Elisabetta Capannelli, the World Bank country manager for Croatia, has welcomed Croatia’s ambition to adopt the euro, but warned that the way ahead would be demanding. “For Croatia being part of the Eurozone would be beneficial, but not before the country’s economy becomes resilient by implementing the bold reforms,” Capannelli told Reuters.
Croatia’s Prime Minister Andrej Plenkovic announced in late October the goal of adopting the euro within 7-8 years in a country where a majority of loans and deposits are denominated in the single currency.
Capannelli said Croatia’s reformist drive had subsided since the country joined the EU in 2013. “The momentum has pretty much been lost. Croatia is heavily reliant on tourism and has a very large and inefficient public sector. The private sector is small and insufficiently dynamic. Reforms are also needed for better growth prospects,” she said.
The World Bank is a key international player in Croatia providing assistance to make the economy more robust. On a visit to southern Croatia, Plenkovic acknowledged it was necessary to work more on boosting productivity and structural reforms.
“It is important to make a major move forward in 2018,” he said. Croatia’s economy is seen growing around 3% in 2017, which is below most of its EU peers in the CSE. Many analysts warn that the country’s longer-term growth prospects hardly surpass 2%, a figure too low to efficiently deal with its debt problem. Croatia’s public debt is slightly above 80% of gross domestic product and the government wants to reduce it to below 70 percent by 2020.
“The private sector is still burdened by high taxes and various par fiscal charges. There is much uncertainty in the way the judicial system works, labor productivity is rather low, loss-making health and pension systems must be tackled. Making changes at one step at the time is not enough,” Capannelli said. She added the figures showed good fiscal performance in the last two years, but the efforts on the fiscal front were still lacking major action on the expenditure side. In the last two years Croatia managed to reduce the budget deficit to 0.6 percent of GDP from more than 5%, but largely on improved revenues. Capannelli welcomed the government’s promise to make 2018 a year of dealing with economic reforms seriously. “There is awareness among top policy-makers about what needs to be done. The question is who and when will get the ball rolling,” she said.
Croatia gets almost 20 percent of its gross domestic product from tourism – but in stark contrast, it has practically no electricity production from solar power. The government is drafting a new strategy aimed at reducing energy imports which is likely to be completed next year. “I set myself a target to promote solar power in that context as much as possible,” an official involved in the work, who asked not to be identified, told Reuters.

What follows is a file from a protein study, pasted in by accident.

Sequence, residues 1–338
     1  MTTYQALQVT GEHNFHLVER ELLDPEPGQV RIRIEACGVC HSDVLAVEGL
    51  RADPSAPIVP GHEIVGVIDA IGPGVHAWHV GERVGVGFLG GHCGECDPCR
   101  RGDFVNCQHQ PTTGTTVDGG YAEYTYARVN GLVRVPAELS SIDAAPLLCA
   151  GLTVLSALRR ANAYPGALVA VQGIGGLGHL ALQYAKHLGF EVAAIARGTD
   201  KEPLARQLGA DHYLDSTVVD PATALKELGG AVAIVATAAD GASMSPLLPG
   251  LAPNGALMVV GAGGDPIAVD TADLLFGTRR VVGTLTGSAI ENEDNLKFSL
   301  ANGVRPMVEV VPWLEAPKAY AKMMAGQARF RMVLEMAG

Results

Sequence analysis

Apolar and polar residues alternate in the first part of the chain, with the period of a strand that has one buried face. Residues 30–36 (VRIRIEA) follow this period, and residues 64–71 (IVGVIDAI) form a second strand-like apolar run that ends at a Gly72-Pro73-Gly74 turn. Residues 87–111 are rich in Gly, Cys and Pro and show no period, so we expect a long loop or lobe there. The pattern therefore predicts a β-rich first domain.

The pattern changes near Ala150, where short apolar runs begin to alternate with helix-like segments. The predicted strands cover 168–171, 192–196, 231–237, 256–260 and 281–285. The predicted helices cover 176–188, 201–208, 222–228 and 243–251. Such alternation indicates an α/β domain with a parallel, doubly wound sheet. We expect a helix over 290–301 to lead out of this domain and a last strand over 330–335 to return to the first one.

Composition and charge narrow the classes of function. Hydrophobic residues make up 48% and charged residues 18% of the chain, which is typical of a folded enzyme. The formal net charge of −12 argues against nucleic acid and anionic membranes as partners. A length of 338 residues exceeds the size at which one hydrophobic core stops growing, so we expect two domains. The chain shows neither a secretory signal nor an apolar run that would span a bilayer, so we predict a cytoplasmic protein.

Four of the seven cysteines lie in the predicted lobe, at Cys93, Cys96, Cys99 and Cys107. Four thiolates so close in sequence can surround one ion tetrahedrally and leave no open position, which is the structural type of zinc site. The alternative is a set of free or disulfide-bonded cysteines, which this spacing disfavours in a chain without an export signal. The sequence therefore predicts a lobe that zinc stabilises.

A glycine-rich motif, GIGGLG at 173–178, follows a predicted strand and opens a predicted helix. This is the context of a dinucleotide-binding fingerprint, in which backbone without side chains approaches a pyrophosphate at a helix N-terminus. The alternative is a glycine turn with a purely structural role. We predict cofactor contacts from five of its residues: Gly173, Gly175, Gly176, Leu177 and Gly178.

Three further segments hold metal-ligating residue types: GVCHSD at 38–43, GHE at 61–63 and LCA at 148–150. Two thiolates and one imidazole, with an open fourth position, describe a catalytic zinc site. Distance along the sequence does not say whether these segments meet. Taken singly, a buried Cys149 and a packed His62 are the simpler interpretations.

According to the International Renewable Energy Agency, Croatia, which imports nearly 40 percent of its energy needs, could develop 3,200 megawatts (MW) of solar power by 2030, but the lack of a supportive legal framework has deterred investors.
Croatia has installed power of 4,500 MW, mostly from coal and hydroelectricity. Renewable power accounts for 28% of production. Croatia has only 52 MW of installed power in solar panels, some six times less than smaller neighbor Slovenia.
There are no new preferential contracts with investors due to the lack of a legal framework to implement the 2016 renewable energy law. In addition, last month the government had to raise electricity prices due to high subsidies for renewables.
Stjepan Talan from the Solvis company, the only producer of solar panels in Croatia, started his business in 2008 planning to sell around half of its products at home and export the rest. “Now we export virtually everything we produce to countries like Germany, France, the Netherlands, Italy, Austria as there is in fact no developing local market,” he said.
Greenpeace has started a campaign to raise awareness that Croatia can make a significant leap towards energy independence by investing in green electricity from solar panels. “Croatia has fewer solar panels than the Slovenian city of Maribor and 50 times less installed capacity than Greece, for example. It’s a shame,” said Zoran Tomic of Greenpeace Croatia.
A decade ago Croatia introduced feed-in tariffs for renewable electricity, but set low quotas for photovoltaic panels due to the technology’s relatively high cost at the time. Since then, investment costs for solar panels have dropped significantly but Croatia has failed to adopt. “Maybe it would have been more interesting for investors to see lower price incentives, but higher quotas,” said Dubravka Brkic from the Croatian Energy Market Operator. Edo Jerkic, an energy consultant, also said state power board HEP must be forced to ease and cheapen grid-connection procedures for producers of solar power.